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Mysore: independent practice

Each of the three series of ashtanga yoga ( Yoga Chikitsa, Nadi Shodhana, Sthira Bhaga ) consists of a very specific sequence of positions.

If initially these sequences are "guided" by the teacher, through a rhythm that should be precise and fluid, the goal is actually to lay the foundations of operation, firm and clear, so that the student can soon reach personal practice. and independent.

Mysore style, self-practice , is not only the goal but it is the path itself through which each practitioner can understand and listen to himself in the practice and feel how the practice is working in him.

As long as the stimulus always comes from outside through guided practice, this ability to listen to oneself may not be well developed.

To practice  Mysore it is important to know the path well, as well as when we go hiking in the mountains, it is very important to have a map in hand and to know the area. But that map, however well written and however much effort others before us have put in tracing it, will never tell us everything about that path, which by its very nature is destined to constantly change.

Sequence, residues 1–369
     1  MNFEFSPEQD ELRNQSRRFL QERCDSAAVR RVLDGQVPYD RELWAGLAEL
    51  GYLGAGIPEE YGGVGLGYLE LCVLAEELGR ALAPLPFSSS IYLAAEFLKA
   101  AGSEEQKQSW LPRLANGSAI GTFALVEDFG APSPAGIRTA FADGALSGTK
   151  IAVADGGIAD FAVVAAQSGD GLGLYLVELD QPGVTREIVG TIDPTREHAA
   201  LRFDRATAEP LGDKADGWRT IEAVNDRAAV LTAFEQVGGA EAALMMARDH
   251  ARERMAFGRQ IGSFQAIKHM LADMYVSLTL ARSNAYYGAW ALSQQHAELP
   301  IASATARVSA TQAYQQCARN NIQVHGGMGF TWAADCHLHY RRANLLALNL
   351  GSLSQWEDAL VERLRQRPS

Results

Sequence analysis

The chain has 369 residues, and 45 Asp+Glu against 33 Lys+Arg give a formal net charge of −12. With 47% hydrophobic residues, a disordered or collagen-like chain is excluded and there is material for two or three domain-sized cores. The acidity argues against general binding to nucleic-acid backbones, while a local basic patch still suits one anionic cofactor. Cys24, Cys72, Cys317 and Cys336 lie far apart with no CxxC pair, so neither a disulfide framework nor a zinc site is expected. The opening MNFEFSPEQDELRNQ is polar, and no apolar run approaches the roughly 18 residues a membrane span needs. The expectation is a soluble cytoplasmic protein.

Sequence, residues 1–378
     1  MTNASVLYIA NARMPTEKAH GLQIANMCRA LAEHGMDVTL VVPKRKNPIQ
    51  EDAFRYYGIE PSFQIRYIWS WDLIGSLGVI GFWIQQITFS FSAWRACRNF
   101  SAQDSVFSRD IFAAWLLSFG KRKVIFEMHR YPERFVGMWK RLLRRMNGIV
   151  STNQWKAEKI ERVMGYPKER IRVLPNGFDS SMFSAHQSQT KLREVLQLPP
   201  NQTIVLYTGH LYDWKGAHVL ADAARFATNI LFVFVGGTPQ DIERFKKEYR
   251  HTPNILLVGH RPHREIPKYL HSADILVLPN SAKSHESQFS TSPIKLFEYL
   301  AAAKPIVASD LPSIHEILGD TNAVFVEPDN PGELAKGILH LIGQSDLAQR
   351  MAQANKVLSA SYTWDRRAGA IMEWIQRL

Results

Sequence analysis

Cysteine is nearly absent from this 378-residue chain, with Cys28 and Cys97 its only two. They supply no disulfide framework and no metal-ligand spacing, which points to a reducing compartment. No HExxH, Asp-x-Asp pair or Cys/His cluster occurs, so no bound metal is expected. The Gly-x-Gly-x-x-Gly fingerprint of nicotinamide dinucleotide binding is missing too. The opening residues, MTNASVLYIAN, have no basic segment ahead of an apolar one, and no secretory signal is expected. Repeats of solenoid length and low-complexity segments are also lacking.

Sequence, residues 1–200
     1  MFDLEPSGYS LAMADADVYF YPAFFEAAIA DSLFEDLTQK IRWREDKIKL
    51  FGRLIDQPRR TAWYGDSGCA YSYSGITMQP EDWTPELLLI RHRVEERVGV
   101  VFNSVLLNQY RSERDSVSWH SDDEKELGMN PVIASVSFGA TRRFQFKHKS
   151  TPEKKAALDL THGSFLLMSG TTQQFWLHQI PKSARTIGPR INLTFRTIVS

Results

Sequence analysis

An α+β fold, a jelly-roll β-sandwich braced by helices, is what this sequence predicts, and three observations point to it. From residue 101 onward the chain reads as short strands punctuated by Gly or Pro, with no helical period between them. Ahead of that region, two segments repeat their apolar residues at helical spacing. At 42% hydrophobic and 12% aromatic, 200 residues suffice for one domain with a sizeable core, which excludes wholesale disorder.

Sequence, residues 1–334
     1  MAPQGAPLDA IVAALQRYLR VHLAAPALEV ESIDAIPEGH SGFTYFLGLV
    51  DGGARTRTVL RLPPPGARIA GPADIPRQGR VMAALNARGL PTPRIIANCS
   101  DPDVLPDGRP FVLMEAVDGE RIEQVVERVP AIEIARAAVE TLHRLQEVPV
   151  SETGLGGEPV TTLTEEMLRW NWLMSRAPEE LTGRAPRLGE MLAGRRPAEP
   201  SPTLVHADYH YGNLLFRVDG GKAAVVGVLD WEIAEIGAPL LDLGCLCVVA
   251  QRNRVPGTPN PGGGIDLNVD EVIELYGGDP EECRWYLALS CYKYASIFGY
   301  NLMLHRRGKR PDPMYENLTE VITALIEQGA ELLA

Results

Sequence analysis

To be independent it is important to know and to know in depth it is necessary to learn to be independent.

No teacher, however good, can really lead us all along the path. The main feature of this way of practicing yoga is in fact the synchrony between breath and movement ( vinyasa ) and everyone must learn to develop and follow their own breath, which day after day will be more and more ample and nourishing. In this way he will gradually build the  personal practice.

For this reason Mysore turns out to be the highest way of practicing and closest to the needs of each individual practitioner.

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